Possibly Pluteus, there was a clump behind these ones where they were well past their best and possibly 15cm diameter and much more whitish.
No identification made yet.
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Most Pluteus normally have pink gills. Possibly Tricholoma?
Pluteus have pink spores and the gills often have a pinkish hint especially when older. Using a bit of imagination these did have a pinkish hint to them but the cap does not look right for the common Pluteus species.
On the other hand the stem and gill attachment is right for Pluteus.
The cap did look a bit like a Tricholoma.
I think that the woodchip is probably misleading here. These look to be Tricholoma the edges of the caps of some of these are discolouring, which would suggest Tricholoma sp. Need more info. Spore Print would be helpful here.
Have gone back and collected one for a spore print. Some of the gills were damaged previously and they are definitely pink and they are tinged pink in general and the whole thing is a bit floppy and falling into pieces like Pluteus rather than Tricholoma which tend to be stronger.
The spore print is a pinkish brown so definitely not Tricholoma. Did print against black first and the colour is not clear (pink or some kind of brown) so doing it again against white.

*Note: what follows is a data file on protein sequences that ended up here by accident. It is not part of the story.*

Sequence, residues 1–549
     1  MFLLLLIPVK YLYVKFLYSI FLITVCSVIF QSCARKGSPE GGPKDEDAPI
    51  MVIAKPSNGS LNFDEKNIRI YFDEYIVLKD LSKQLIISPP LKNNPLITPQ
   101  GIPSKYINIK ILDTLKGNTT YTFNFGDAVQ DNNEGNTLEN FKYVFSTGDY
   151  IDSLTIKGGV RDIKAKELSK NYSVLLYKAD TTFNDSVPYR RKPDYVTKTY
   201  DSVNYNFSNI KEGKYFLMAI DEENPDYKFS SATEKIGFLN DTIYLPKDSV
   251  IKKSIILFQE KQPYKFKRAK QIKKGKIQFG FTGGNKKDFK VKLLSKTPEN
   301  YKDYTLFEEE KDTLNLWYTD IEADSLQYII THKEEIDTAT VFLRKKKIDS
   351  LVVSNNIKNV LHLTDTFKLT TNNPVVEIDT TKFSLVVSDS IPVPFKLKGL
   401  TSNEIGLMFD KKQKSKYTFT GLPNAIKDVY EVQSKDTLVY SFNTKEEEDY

I await your conclusion with much interest.
Spore print is from the cap in the centre at the back. Print made in black ice cream box with white ispot card underneath so can get an idea against black and white, the spores on black have dried out.
Spore print is not white!
I suppose it could just be P. cervinus with the cap being rather atypical after the sudden drying out in this dry weather.
I guess the pink/brown spore print suggests that it's Pluteus then.
Might be interesting to do a bunch of spore prints on ispot cards or some other similar standard background to give an idea of the range of colours possible.
Lat/Lng: 52.025, -0.716623
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